In a story full of heroic characters it can be hard to identify the central hero. The other educator answer here makes a good case for Hector. He does seem to be the most heroic hero in the epic poem, truly embodying the aspects of a hero by modern definitions. However, one might also make the case that Achilles is the central hero of The Iliad.
Achilles' centrality is established right in the opening lines of The Iliad. The poet opens by invoking the muses to
Sing, O goddess, the anger of Achilles, son of Peleus, that brought countless ills upon the Achaeans.
Right from the start Achilles is identified as the main character which the epic will follow. Specifically, The Iliad is the story of Achilles' anger. It begins with the cause of this anger and follows the consequences of it. The epic ends with the resolution of Achilles' anger when he returns Hector's body to the Trojans. Looking at The Iliad this way, it is clear that Achilles is the central hero of the story.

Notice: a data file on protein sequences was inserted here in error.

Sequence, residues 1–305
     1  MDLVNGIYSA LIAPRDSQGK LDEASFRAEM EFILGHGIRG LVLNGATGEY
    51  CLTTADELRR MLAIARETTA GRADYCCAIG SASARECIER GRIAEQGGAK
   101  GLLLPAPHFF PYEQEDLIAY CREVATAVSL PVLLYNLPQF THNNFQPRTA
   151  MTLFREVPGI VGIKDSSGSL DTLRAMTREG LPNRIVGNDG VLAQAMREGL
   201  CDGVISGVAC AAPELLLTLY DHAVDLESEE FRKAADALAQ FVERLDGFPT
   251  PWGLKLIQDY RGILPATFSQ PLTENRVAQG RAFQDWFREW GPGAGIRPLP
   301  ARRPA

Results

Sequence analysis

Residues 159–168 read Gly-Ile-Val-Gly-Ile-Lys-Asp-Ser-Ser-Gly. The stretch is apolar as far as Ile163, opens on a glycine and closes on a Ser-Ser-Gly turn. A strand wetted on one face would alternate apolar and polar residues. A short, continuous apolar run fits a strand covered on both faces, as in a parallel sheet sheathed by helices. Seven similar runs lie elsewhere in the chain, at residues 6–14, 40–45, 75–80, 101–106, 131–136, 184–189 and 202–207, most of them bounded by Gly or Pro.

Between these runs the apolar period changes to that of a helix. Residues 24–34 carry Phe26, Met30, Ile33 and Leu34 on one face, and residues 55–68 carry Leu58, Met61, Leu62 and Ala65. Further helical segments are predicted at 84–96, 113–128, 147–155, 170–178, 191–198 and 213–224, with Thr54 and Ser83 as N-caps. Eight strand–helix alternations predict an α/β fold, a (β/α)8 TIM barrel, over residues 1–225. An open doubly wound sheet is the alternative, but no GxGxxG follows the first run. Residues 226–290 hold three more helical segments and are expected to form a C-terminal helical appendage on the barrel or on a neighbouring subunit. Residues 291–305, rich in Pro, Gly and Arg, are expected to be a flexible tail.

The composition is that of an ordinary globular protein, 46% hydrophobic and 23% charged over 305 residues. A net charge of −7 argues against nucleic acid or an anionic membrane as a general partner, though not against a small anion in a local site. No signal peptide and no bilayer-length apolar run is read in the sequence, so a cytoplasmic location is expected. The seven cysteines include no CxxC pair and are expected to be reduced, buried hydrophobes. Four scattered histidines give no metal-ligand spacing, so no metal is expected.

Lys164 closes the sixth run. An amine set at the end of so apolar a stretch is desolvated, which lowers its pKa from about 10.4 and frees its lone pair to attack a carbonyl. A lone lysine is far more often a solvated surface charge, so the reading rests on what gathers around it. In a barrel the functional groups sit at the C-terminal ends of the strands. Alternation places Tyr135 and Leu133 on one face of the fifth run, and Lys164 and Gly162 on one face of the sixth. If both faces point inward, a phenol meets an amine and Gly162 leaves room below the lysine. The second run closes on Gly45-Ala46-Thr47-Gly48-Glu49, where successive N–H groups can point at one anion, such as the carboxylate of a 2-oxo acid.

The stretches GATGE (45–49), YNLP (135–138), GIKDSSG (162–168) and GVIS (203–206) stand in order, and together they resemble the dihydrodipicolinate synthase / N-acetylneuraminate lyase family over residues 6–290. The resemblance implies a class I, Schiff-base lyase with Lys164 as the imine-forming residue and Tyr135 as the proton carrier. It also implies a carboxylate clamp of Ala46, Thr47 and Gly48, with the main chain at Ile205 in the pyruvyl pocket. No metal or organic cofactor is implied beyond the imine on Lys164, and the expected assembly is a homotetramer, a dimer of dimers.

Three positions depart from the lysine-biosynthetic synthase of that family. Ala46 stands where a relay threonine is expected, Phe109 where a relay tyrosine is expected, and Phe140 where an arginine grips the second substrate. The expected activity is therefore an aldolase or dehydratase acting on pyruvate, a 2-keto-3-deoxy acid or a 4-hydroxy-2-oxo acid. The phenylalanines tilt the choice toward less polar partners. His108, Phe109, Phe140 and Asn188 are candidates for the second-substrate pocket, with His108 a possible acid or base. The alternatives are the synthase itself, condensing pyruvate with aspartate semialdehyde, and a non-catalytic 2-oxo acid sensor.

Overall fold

Achilles does not always come across as the most sympathetic of heroes. He is moody, self-centered, and self-serving. However, he fits the classic definition of a hero according to the Greeks. He is a warrior from the legendary past with near-superhuman abilities, who is descended from the gods. Achilles fits all these requirements.